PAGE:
My emotions were schizophrenic as I watched the long (oh so long) premiere of Biggest Loser Season 10 tonight.
Part of me was completely appalled and grossed out by the masses of fat people I was seeing as they came out in droves across the country to be part of the show.
I know the stats -- two out of three Americans are obese -- but seeing them all there together in big masses just made me shudder to think so many have let themselves reach such obesity.
Sorry, but it did. (I'll get to the nice side of my reaction later.)
Then as Bob Harper and Jillian Michaels traveled the country selecting all the candidates through a series of contests, each one got up and gave some sort of excuse for being fat.
And I started to get angry.
No one got up and said, "Hi, I'm Joe Blow and I like Twinkies too much and would rather watch TV than exercise."
Rather, each one had either suffered a family death, or were abused, or had an alcoholic parent, or something on which they blamed the excess weight.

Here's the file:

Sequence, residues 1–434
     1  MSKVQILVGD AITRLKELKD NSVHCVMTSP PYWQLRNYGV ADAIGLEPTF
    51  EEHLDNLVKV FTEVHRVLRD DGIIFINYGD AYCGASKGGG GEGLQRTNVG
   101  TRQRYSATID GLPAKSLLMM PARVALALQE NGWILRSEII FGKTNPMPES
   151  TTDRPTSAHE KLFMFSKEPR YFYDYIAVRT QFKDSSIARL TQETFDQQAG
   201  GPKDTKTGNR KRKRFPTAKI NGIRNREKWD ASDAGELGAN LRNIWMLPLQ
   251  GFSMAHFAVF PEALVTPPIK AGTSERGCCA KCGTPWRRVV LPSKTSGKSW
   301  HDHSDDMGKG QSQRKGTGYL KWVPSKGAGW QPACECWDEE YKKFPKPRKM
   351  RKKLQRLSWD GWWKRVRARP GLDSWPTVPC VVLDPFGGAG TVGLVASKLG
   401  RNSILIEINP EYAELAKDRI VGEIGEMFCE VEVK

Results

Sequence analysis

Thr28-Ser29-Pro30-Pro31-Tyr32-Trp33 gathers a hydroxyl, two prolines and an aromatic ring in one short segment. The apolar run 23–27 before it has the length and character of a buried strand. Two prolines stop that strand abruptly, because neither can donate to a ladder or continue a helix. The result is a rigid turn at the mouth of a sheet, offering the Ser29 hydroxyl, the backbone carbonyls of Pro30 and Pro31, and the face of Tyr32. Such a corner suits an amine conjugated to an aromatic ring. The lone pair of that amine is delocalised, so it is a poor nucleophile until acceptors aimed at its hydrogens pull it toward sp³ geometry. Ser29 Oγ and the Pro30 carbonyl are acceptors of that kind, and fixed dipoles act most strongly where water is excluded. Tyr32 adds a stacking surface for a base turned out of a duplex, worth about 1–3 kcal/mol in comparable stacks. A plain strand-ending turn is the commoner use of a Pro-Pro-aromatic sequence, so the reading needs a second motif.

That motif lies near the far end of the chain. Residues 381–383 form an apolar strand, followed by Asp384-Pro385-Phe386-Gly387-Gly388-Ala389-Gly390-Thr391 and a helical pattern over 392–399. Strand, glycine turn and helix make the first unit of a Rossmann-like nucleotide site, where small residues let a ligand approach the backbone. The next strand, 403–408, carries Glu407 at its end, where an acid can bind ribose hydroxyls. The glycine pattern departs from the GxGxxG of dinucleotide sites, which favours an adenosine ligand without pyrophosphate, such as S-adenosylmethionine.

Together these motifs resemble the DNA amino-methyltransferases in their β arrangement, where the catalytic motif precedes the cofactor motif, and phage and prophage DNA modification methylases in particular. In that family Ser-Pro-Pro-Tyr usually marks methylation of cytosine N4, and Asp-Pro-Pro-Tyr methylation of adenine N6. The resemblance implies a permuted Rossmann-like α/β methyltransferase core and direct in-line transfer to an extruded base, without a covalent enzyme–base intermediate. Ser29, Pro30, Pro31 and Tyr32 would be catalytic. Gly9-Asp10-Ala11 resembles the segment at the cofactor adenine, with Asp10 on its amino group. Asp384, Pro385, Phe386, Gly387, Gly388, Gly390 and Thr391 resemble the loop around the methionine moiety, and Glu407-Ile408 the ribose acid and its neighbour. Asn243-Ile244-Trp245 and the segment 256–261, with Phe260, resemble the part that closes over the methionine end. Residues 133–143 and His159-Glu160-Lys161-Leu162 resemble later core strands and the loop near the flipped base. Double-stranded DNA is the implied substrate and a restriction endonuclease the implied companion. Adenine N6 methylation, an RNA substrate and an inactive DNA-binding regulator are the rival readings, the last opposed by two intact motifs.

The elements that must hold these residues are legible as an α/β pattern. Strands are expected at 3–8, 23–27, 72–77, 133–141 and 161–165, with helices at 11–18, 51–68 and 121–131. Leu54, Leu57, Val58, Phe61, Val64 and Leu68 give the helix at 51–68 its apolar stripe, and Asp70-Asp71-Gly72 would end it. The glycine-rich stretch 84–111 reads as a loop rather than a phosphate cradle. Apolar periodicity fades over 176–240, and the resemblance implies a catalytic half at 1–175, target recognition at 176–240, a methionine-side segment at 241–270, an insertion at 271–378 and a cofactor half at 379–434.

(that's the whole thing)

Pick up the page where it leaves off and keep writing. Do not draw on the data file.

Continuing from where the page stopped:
"Just stop eating!" I found myself thinking loudly at them (my children were sleeping so I couldn't actually scream at my television).
But on the other hand (here's where my nice schizo side came in) with each story I sat there sobbing -- with real tears, pouring down my face.
Because their stories were so sad.
The one that touched me most was Anna, the mother who lost her young son to cancer. When she talked about how she fell asleep rocking him and when she woke up, he was dead in her arms, I lost it.
And then I started making excuses for her -- dammit, after that she should be able to eat anything she effing wants to, forever.
But see it's that justification problem again -- so easy to slip into the mode for each and every one of life's ups and downs, big and small ... and so hard to get out of it.
Anna didn't actually make the show, but there were plenty of others with heart-wrenching stories that did.
Overall, it was actually a pretty long, boring two hours for the most part -- it doesn't really promise much more new and different from what we've seen the past nine seasons.
That's OK, I guess. Since the show has been around so long and is launching resorts and cruises and the like, clearly they're giving people what they want.
While the show's formula is the same, the individual stories are always unique -- just as every person's problem with weight is complicated in its own way.
So I'll still continue to tune in to see them ... and cry and scream along the way.
Did you watch Biggest Loser? What did you think?
Image via nbc.com